Ben Fogle lashes out at Facebook owner Meta after his name was used in online charity scam
- Ben Fogle was made aware of the problem by We Care, a dog charity in Sri Lanka
- Fogle doesn’t use Facebook, but set up an account to deter cheaters
- Meta was historically slow in removing fake accounts on its platform
- Fogle instead had to call the police or hire a private investigator for fake pages
By Lottie McGrath for the Sunday post
Published: | Updated:Read:German gas storage 90% full ahead of winter despite Russian cuts | News | DW
Read:Point of no return: crunch time as China tries to fend off property crash | Chinese economy
Ben Fogle has attacked Facebook owner Meta for his slow response to an online charity scam using his name.
The TV presenter was pointed out to the problem by We Care, a Sri Lanka-based dog charity he had visited in 2013 for his Channel 5 show New Lives In The Wild.
The organization expressed concern after someone unknowingly sent a message to the fake Facebook account set up in her name, with Mr. Fogle’s visit, and was then asked for a donation through a personal PayPal account.
Fogle, 48, who does not personally use Facebook but has an official credit account in his name to deter cheaters, posted his complaint on Instagram, which is also owned by Meta.
It prompted a Meta employee to get in touch and help remove the scam.
Ben Fogle has attacked Facebook owner Meta for his slow response to an online charity scam bearing his name
Last night, a Meta spokesperson said: ‘The security of our community is important to us and it is against our rules for accounts to impersonate someone else’ (file image)Read:Cosmos (ATOM) In Green While Entire Market Bleeds
But Fogle told The Mail on Sunday: “There are many fake accounts that I have tried to close over the years and it has taken a very long time to close them all.
“They’ve been used for a variety of things – people have contacted me saying I’ve invited them to dinner and they’ve even appeared at restaurants.”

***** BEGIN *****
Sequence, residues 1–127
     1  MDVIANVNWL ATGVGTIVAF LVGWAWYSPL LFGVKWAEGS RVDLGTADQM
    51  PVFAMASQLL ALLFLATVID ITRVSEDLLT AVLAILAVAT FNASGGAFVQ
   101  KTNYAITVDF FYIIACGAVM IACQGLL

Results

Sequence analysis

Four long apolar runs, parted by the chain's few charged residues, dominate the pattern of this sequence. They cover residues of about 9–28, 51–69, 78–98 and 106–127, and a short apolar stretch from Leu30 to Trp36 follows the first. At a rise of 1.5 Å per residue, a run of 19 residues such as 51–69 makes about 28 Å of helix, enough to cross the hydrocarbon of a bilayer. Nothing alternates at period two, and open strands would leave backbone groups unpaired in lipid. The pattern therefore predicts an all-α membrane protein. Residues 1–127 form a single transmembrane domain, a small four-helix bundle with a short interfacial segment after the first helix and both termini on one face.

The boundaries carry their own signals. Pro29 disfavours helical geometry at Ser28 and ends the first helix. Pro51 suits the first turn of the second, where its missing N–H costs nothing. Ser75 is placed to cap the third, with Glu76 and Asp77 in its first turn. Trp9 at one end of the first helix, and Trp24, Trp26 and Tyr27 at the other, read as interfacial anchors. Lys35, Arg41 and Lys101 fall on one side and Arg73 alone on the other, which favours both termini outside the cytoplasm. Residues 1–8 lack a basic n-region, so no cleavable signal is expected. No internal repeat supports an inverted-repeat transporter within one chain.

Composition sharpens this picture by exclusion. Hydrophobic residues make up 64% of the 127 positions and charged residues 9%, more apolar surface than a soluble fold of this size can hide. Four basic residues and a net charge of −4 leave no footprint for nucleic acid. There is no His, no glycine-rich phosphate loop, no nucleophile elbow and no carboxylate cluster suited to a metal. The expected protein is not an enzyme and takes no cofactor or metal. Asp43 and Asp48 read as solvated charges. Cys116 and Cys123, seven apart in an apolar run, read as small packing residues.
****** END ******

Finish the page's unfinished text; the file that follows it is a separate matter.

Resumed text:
He added that Meta has been historically slow in taking down fake accounts, to the point where he resorted to taking matters into his own hands and calling in the police.
He also once hired a team of private investigators to investigate a Twitter account that sent “vile and disgusting” death and rape threats to his 11-year-old daughter, after alleging that both the social media giant and the police had not intervened.
It was discovered that the account was the product of a sophisticated ‘bot’ – software designed to send automated spam messages.
Despite admitting he wasn’t “great at tech,” Fogle said he couldn’t understand why the algorithms used by social networks can’t be used to remove fake accounts from other bots.
He said, ‘You can certainly put bone to bone. I have no idea how they can’t put an end to these fake accounts much faster than they do.
“I think that if Meta and some of the other social media networks want to get people like me to share and use their media, they will have to take a long look at how accounts are set up and also how these bot factories work. .’
Last night, a Meta spokesperson said: “The safety of our community is important to us and it is against our rules for accounts to impersonate someone else.
“We are taking a hard line against this activity, and by the first quarter of 2022 we have disabled more than 1.6 billion fake accounts on Facebook.
“We have committed significant resources to tackling scams with a global safety and security team of more than 40,000 people and invested in AI and machine learning to keep everyone who uses our platforms safe.
“While no enforcement is perfect, we continue to invest in new technologies and methods to stop scams and the people behind them.”